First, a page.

About 1% to 2% of children and adolescents with osteomyelitis have the infection localized to their spine. Within the spine, the lumbosacral area is the most common followed by the thoracolumbar region. There is a peak incidence in adolescence. Common presenting symptoms include back pain which can be severe, muscle spasm, vertebral tenderness, and fever (1). Patients may limp or refuse to walk, and usually appear quite ill, but may have had insidious symptoms for several weeks to months (63). Most will have an elevated ESR and white blood count. Blood cultures are positive in only slightly more than half of the patients. When an organism is detected, the most common organism is Staphylococcus aureus. Rare causes include Bartonella henselae and Salmonella species, and in patients from developing countries, tuberculosis is a major cause. Radiographs can often be normal in early vertebral osteomyelitis; therefore, if suspicion is high, bone scinti-graphy and/or MRI should be done (1,63). Treatment with antibiotics is usually successful, especially if a bone aspiration or biopsy identifies the causative organism, although there may be permanent bony defects.
Discitis can present with many of the same features found with vertebral osteomyelitis but is more common in younger children (<5 years of age). However, a history of intravenous drug abuse in the adolescent increases the risk in this age group (63,64). Over 80% of cases involve the lumbar spine, generally L3/4 or L4/5 (1,64). The patient may refuse to walk, bend forward, or sit, and may present with back stiffness, malaise, poor appetite, muscle weakness, or hyporeflexia. Teenagers often have localized back pain that radiates to the buttocks and legs (44). Patients tend to have symptoms for several weeks, and most do not have fever or appear ill. The ESR, and often the white blood count, is elevated; the CRP is normal in the majority of patients (63,64). Varying frequencies of positive cultures from direct biopsy samples have been reported (0-88%) but only a minority of blood cultures have been positive (63,64). S. aureus is the most common etiologic agent when an organism is isolated (1,65). As it may take 2-3 weeks for radiographs to show disc space narrowing and vertebral end plate irregularity, MRI is considered the preferred imaging method (1,44). MRI also allows discitis to be distinguished from osteomyelitis and epidural abscess, both of which need to be treated more emergently (44). Treatment with intravenous antibiotics has been reported to lead to a faster and more complete recovery, but since many patients recover without antibiotic treatment, this is controversial unless there is a history of intravenous drug abuse (64).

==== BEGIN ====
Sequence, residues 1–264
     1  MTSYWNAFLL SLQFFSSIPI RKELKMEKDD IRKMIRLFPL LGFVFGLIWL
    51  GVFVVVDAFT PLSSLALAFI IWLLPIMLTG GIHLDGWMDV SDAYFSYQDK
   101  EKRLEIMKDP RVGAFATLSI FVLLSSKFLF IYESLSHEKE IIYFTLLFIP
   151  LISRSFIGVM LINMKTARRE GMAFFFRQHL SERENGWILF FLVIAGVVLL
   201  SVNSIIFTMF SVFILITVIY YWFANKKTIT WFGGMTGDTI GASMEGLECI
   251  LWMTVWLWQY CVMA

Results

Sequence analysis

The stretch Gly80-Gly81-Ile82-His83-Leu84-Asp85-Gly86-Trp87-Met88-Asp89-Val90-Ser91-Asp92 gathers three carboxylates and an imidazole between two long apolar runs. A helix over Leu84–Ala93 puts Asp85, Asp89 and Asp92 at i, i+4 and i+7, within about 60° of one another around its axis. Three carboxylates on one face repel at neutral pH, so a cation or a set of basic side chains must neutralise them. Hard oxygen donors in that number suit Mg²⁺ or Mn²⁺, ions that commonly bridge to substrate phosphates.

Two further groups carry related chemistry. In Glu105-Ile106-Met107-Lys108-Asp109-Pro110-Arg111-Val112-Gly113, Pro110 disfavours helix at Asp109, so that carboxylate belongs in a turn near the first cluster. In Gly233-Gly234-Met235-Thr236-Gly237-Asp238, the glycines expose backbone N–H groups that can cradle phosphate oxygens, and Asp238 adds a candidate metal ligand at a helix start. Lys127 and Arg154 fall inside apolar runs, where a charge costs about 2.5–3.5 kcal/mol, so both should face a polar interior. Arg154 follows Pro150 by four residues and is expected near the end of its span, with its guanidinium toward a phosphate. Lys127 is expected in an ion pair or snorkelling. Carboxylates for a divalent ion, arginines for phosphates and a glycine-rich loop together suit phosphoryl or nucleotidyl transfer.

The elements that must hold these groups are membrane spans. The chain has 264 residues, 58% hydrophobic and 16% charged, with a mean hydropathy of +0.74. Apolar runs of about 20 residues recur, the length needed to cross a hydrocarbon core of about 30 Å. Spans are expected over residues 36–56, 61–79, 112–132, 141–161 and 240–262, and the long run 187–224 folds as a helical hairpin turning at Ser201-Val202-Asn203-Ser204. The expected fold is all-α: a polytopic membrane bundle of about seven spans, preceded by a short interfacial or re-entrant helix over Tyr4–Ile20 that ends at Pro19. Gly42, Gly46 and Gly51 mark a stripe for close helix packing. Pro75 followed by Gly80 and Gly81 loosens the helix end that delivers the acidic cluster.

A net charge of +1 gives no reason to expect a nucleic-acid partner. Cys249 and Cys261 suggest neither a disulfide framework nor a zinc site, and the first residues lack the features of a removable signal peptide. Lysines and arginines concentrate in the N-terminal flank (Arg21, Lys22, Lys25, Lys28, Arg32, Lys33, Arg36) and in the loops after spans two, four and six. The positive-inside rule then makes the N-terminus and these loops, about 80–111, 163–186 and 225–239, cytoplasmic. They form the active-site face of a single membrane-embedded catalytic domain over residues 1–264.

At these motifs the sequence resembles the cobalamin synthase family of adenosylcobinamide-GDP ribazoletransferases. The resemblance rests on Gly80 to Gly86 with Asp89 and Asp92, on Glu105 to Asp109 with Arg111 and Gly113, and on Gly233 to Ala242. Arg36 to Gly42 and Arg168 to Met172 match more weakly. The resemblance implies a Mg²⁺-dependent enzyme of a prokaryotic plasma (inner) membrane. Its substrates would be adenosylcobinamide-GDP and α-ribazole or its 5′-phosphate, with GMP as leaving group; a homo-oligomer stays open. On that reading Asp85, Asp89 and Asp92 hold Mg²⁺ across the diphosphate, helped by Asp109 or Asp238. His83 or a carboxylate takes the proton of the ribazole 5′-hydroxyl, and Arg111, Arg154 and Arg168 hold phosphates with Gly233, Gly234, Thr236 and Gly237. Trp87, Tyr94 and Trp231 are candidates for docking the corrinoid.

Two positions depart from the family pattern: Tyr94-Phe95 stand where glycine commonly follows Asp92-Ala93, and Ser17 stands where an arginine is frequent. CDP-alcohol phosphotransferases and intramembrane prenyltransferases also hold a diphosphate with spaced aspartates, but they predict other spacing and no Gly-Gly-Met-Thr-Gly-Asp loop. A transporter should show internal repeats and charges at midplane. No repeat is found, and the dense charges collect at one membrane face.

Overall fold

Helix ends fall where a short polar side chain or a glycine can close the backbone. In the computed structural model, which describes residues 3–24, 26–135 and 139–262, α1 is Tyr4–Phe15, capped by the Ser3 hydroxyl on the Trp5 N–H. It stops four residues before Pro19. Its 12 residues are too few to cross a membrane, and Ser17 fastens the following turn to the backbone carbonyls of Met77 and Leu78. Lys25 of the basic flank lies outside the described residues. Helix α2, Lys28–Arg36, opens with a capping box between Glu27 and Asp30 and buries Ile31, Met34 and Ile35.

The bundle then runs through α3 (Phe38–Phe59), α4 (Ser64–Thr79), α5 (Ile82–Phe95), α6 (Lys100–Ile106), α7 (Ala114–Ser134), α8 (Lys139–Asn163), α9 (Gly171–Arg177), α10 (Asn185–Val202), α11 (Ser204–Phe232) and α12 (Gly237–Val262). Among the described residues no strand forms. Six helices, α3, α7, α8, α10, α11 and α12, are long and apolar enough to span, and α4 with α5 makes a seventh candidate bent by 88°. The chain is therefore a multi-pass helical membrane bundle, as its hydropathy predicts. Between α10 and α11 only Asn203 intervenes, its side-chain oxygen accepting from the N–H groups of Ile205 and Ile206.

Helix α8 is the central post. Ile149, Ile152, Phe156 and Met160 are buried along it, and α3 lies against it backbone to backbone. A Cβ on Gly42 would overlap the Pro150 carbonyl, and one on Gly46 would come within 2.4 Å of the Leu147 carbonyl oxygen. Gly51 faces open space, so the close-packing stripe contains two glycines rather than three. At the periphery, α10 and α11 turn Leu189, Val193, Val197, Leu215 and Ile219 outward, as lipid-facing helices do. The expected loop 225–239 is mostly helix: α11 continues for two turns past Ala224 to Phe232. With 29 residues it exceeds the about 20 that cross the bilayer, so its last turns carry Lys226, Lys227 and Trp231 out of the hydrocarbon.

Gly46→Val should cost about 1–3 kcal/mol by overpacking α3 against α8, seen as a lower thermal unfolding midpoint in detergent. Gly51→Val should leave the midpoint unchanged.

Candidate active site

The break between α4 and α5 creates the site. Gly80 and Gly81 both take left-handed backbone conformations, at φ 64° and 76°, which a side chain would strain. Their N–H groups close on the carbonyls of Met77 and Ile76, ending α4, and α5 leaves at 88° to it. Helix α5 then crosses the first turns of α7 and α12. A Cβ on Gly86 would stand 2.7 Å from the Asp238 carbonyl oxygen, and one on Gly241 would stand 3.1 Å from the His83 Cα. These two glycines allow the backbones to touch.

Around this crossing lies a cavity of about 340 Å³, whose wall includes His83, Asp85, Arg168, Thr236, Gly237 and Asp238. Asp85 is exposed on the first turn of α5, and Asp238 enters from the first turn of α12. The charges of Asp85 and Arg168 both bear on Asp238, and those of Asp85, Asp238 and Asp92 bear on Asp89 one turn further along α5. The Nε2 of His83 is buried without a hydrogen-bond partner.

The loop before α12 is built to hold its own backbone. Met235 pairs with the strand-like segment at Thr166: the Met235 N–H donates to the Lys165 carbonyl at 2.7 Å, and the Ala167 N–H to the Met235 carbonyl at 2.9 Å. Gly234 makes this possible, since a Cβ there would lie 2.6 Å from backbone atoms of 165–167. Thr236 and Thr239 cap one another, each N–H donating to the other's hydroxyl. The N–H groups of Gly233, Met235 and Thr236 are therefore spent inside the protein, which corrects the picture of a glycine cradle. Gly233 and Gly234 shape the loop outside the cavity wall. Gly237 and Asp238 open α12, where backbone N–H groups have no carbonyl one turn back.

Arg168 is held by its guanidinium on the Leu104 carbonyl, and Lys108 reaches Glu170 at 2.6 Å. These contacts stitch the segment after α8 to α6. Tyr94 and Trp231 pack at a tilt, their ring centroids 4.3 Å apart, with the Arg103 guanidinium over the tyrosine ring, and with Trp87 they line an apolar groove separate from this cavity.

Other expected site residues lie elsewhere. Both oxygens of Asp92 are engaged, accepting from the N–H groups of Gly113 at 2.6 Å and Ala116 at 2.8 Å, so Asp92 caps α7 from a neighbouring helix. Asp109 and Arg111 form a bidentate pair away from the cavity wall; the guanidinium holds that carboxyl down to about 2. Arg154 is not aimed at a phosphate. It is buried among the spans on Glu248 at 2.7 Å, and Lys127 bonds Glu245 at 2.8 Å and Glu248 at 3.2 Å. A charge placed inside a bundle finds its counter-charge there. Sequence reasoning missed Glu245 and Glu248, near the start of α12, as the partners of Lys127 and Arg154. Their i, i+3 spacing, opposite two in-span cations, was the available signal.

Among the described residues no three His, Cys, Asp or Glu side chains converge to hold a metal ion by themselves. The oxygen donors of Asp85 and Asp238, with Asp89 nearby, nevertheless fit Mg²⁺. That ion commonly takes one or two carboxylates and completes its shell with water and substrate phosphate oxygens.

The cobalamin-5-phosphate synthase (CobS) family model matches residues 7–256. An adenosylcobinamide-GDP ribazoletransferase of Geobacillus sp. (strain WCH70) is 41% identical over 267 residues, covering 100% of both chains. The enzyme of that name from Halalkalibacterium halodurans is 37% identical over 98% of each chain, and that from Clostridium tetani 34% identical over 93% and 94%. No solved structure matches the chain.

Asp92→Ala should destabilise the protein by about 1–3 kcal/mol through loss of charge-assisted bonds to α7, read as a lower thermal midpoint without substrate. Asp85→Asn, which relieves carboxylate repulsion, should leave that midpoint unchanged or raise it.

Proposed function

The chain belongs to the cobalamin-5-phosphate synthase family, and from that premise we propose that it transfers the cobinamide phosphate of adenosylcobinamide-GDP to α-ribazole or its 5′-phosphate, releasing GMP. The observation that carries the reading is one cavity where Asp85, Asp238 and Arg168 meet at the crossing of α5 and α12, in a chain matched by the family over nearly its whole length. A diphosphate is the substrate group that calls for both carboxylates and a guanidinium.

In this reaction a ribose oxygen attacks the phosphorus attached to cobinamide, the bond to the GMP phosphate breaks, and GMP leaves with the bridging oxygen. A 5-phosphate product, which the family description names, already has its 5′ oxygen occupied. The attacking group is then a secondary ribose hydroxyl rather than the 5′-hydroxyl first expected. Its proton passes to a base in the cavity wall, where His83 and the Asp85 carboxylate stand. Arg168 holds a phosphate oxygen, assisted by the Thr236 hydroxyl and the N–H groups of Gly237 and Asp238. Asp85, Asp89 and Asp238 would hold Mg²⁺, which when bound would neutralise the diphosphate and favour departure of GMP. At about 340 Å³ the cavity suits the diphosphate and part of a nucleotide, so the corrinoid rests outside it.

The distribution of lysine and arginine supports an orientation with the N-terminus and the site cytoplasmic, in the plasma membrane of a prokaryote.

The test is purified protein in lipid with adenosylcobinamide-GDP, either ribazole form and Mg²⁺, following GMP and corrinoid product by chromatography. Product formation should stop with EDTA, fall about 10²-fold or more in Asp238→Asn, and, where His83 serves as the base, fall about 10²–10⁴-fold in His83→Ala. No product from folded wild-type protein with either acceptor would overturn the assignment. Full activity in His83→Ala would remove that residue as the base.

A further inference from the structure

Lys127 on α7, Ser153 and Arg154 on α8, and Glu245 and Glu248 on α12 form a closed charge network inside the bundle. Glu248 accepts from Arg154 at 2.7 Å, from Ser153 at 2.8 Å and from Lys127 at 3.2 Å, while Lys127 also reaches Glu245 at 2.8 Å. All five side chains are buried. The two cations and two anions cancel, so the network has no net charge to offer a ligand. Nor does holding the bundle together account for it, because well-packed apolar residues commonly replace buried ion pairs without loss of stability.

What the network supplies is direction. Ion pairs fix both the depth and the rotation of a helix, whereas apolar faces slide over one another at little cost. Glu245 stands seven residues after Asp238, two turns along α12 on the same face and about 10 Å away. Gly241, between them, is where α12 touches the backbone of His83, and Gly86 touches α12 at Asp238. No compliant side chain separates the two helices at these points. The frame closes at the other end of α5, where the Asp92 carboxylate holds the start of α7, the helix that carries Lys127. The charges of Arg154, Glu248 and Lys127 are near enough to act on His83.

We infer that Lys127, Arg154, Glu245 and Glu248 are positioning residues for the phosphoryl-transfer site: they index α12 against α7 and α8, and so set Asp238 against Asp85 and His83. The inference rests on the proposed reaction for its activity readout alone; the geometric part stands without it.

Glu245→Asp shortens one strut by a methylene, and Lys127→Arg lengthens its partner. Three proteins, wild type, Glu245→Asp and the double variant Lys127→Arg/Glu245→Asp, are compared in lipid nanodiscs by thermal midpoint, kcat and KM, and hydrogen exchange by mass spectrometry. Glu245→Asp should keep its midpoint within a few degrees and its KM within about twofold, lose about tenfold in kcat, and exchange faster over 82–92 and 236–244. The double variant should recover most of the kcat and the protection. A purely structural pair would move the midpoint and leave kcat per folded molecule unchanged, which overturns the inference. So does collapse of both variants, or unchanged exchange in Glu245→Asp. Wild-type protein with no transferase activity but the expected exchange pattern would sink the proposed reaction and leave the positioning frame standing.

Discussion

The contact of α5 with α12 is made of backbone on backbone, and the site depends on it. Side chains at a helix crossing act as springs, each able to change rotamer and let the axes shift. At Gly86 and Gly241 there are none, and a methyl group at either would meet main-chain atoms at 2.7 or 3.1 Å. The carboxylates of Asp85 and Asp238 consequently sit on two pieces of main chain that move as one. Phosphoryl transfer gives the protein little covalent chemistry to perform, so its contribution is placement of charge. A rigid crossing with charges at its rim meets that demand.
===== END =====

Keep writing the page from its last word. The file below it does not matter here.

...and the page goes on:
Although an epidural abscess can cause back pain, fever, and symptoms similar to those seen in patients with discitis or osteomyelitis, it is rare in the pediatric patient. Even in adults, there is usually an associated risk factor such as diabetes mellitus, intravenous drug abuse, alcoholism, skin infections, or spinal trauma (66). About 12% of the cases are pediatric patients, with males older than 10 years the most likely to be affected (66). About one-third of cases occur in the lumbar or lumbosacral region, another third in the thoracic region. Irritability, back pain, localized tenderness, and neurological signs such as muscle weakness, incontinence, or paraparesis/ paraplegia are common symptoms (66). These symptoms can be acute or chronic, making diagnosis difficult (1). Most patients will have fever and an elevated ESR and white blood count. Epidural abscess is a medical and surgical emergency, since delay in treatment often leads to irreversible neurological residua or even death (1). MRI is the best imaging method (44). Surgical drainage and antibiotics are required, and again S. aureus is the most common pathogen (66).
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